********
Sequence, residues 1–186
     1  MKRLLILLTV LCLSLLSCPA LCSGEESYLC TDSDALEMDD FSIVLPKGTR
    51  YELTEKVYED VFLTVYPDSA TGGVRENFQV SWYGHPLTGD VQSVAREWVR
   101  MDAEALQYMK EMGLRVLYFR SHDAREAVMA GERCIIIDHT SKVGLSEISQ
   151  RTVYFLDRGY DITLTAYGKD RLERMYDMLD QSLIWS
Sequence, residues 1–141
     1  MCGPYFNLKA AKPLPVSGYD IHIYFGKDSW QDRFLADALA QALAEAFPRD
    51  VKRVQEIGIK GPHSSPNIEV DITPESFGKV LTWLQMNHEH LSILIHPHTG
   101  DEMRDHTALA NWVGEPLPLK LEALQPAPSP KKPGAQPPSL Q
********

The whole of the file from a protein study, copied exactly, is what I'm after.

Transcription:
Sequence, residues 1–186
     1  MKRLLILLTV LCLSLLSCPA LCSGEESYLC TDSDALEMDD FSIVLPKGTR
    51  YELTEKVYED VFLTVYPDSA TGGVRENFQV SWYGHPLTGD VQSVAREWVR
   101  MDAEALQYMK EMGLRVLYFR SHDAREAVMA GERCIIIDHT SKVGLSEISQ
   151  RTVYFLDRGY DITLTAYGKD RLERMYDMLD QSLIWS
Sequence, residues 1–141
     1  MCGPYFNLKA AKPLPVSGYD IHIYFGKDSW QDRFLADALA QALAEAFPRD
    51  VKRVQEIGIK GPHSSPNIEV DITPESFGKV LTWLQMNHEH LSILIHPHTG
   101  DEMRDHTALA NWVGEPLPLK LEALQPAPSP KKPGAQPPSL Q